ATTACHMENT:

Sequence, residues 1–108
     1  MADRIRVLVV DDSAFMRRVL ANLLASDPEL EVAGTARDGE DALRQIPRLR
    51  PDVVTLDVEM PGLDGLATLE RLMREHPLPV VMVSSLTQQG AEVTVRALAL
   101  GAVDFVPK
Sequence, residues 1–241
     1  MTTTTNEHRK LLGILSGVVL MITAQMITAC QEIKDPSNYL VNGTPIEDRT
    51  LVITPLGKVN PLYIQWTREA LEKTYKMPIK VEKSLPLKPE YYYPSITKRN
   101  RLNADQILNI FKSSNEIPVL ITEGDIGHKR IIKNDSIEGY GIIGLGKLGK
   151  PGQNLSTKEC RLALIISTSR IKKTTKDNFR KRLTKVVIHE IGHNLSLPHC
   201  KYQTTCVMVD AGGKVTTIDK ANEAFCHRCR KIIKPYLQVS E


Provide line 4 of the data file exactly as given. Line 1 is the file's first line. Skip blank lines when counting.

   101  GAVDFVPK